As terrorist attacks often do, the bombing in Bali this weekend has shattered assumptions and illusions—both in Indonesia and the US.
On the Indonesian side, the illusion of immunity has been the first casualty. The cycle of violence has widened to include a tourist haven where several of the country’s religious groups have hitherto lived in relative harmony. The wall between local conflict and foreign extremism is crumbling, and terrorism has burrowed deeper into the Indonesian political fabric: an attack in Bali was an assault on President Megawati Sukarnoputri’s political heartland.
The bomb should not have come as a surprise, since Indonesia, with its complex political dynamics and fractured internal security, was the soft spot for extremism in south-east Asia. Washington had been warning of terrorist cells in Indonesia long before Jakarta acknowledged them.
The pressure on Indonesia to move against the threats within its territory has increased exponentially, and it will be difficult for Jakarta to deflect these international demands. Moreover, the scale of the attack and its economic impact give Ms Megawati a stronger domestic mandate to pursue terrorists. It will probably unify the broad swathe of moderate Indonesian Muslims, lowering the risk of a political backlash against any crackdown.
But the blast, the seventh in the region in recent weeks, also undermines some US assumptions. The first is that south-east Asia’s moderate Muslims are a bulwark in the war against terrorism. For centuries, religious communities in the region—Muslim, Budhist, Hindu and Confucian—have largely accommodated each other because no single group has been able to establish dominance. As a result, the great majority of Muslims are inclined towards modernisation.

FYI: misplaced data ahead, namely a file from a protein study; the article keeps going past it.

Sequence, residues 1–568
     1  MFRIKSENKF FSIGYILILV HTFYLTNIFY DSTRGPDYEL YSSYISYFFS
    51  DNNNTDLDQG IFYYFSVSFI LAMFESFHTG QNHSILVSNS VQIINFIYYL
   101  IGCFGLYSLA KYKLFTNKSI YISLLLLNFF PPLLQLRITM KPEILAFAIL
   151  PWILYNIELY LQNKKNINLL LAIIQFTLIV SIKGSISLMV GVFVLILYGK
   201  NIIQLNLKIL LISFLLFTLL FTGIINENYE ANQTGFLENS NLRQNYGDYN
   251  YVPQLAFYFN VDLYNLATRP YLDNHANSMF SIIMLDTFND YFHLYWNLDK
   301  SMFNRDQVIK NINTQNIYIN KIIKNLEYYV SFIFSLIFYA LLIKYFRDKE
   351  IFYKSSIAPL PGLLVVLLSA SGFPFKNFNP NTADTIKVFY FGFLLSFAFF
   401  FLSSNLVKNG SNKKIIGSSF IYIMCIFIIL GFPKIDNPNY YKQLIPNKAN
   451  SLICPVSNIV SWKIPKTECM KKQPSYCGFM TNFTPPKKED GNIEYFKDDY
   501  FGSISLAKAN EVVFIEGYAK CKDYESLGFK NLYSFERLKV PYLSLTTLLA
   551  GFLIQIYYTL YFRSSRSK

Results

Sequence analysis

But US engagement with this moderate force has flagged in recent years, and since September 11 the sole focus has been on identifying and apprehending extremists. Partly as a result, extremist voices have started to drown out moderate ones. A number of social initiatives could help immediately. They should include exchange programmes between American and south-east Asian Muslims; support for moderate Islamic education; and assistance to help moderate Muslim social scientists and educators in the region. Some should be conducted through the Association of Southeast Asian Nations (Asean) to underscore the regional approach to the war on terrorism.
The US must also look inward at the dangerous disconnects in its foreign policy. The bombing of Afghanistan last year exacerbated anti-American tensions among south-east Asian Muslims, but the link between the September 11 attack and that war tempered resentment. Most Muslims in the region see no such extenuating circumstance in the build-up to war in Iraq.
South-east Asian leaders visiting Washington in recent weeks have privately warned that a unilateral strike against Baghdad would not only undercut support for the US in the region, but could even radicalise elements of the moderate Muslim community. Before the administration moves further towards a MacArthur-style occupation of a post-war Iraq, it should assess the damage that a heavy hand in a Muslim country could do to the war on terrorism.
The US debate on Iraq has so far been oddly hermetic; at most, it has considered the effect of war on the Middle East. A realistic look is also needed at the impact of such action in regions that have so far been taken for granted. In seeking to transform an enemy into a friend, the US risks turning its existing friends into antagonists.